Friday, October 23, 2009

Home Sales (Inventory) Highest (Lowest) In 2+ Yrs.


Highlights from today's report on existing home sales:

1. Existing-home sales – including single-family, townhomes, condominiums and co-ops – jumped 9.4% to a seasonally adjusted annual rate of 5.57 million units in September from a level of 5.10 million in August, and are 9.2% higher than the 5.10 million-unit pace in September 2008. Sales activity is at the highest level in over two years, since it hit 5.73 million in July 2007 (see top chart above).

2. The inventory of existing homes for sale in September fell to 3.63 million homes, the lowest level since January, and 642,000 units below last September's inventory of 4.272 million homes. At the current sales pace, there is now a 7.8 months supply of existing homes, which is the lowest level since March 2007, two and a half years ago (see top chart above). Compared to the peak of 11.3 months supply of inventory in April, September's 7.8 months supply represents a reduction of 3.5 months.

3. The median home price in September was $174,900, which was up by 6% from the January low of $164,800, but 8.5% below last September's $191,200 price, and $2,400 below the August level of $177,300.

Bottom Line: The national real estate market is gradually recovering, and the worst is definitely behind us.

9 Comments:

At 10/23/2009 2:48 PM, Blogger OA said...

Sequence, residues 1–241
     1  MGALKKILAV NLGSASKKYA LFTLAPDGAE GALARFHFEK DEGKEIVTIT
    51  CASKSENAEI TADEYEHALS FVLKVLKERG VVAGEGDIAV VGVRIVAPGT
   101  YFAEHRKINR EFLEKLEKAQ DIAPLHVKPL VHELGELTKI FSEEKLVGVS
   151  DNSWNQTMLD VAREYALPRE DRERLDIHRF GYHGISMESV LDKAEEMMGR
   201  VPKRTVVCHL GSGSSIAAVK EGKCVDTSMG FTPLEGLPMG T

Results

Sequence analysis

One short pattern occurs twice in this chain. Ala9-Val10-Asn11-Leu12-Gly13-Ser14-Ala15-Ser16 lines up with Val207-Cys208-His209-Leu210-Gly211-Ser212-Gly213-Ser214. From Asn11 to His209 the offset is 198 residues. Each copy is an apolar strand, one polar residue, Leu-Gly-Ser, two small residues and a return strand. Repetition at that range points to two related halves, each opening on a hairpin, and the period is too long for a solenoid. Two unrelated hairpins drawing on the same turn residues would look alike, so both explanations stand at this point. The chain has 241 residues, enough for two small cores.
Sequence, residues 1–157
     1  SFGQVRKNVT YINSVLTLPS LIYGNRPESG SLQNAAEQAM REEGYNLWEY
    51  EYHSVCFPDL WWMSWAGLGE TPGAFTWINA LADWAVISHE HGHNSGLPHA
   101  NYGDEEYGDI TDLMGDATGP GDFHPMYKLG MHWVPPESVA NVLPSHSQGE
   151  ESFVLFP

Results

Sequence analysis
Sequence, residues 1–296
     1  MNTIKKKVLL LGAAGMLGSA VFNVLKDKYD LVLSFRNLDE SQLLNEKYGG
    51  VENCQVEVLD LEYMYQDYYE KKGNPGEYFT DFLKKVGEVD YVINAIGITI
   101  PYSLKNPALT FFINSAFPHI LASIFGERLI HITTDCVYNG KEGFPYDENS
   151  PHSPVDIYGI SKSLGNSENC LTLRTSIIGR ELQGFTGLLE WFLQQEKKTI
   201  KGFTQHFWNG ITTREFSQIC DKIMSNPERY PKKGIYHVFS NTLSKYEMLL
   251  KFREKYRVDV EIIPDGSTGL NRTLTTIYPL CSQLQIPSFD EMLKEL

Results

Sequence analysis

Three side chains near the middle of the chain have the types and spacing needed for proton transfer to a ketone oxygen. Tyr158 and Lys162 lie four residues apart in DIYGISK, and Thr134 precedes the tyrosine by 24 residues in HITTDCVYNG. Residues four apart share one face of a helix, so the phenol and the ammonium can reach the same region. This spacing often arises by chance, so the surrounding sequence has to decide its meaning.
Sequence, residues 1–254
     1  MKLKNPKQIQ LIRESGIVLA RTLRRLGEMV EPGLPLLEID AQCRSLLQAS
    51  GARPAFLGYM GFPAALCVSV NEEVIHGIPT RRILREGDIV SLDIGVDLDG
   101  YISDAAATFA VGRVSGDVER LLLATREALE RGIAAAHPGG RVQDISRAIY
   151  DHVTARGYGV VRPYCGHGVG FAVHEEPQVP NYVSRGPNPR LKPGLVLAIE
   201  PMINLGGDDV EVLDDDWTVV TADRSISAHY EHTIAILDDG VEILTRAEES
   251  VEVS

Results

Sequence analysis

I happen to be looking for a new place right now. What seems to be happening in the Los Angeles area is the core area is holding up but outlying areas are still soft. My agent says every foreclosure and short sale gets multiple offers though. She had a foreclosure that got 28 offers earlier this year. Those take a while to close so they're mainly investors.

Here are some price changes from today (which have been all down lately except for one $3,000 increase this week):
1317 W Verdugo Ave, Burbank $470,900 (-$18,950)
10618 Woodbridge St #106, Toluca Lake $459,000 (-$180,000)
6212 Chimineas, Tarzana, $499,000 (-$100,000)

Burbank is where many studios are (NBC, Disney) and is also about 10 to 15 miles from downtown. About a half hour commute. Tarzana is far along what used to be the busiest freeway in the world, the 101. It's about an hour and a half commute from downtown.

 
At 10/23/2009 2:49 PM, Blogger marketdoc said...

I remember when we used to call this part of "the Business Cycle." In 1879, economist Henry George published his theory identifying the relationship between real estate and the business/economic cycle.

 
At 10/23/2009 5:34 PM, Anonymous Anonymous said...

How much of this home buying is real estate speculation -- my guess is a lot of it is.

 
At 10/23/2009 10:04 PM, Blogger Cabodog said...

Re: speculation. Properties are finally make sense on a cash-flow basis -- ie, the cap rate provides a reasonable rate of return that justifies ownership.

For many years, they only profit hope for landlords was appreciation and we now know the result of that foolish investing.

Real Estate will always be popular as an investment, as it can be easily understood by many (vs. complexity of stocks) and the fact that many people now distrust Wall Street enough to never consider owning stocks again.

With amateur investors usually flocking to real estate, prices should once again regain momentum simple due to its appeal to the masses.

 
At 10/24/2009 12:13 AM, Blogger Michael said...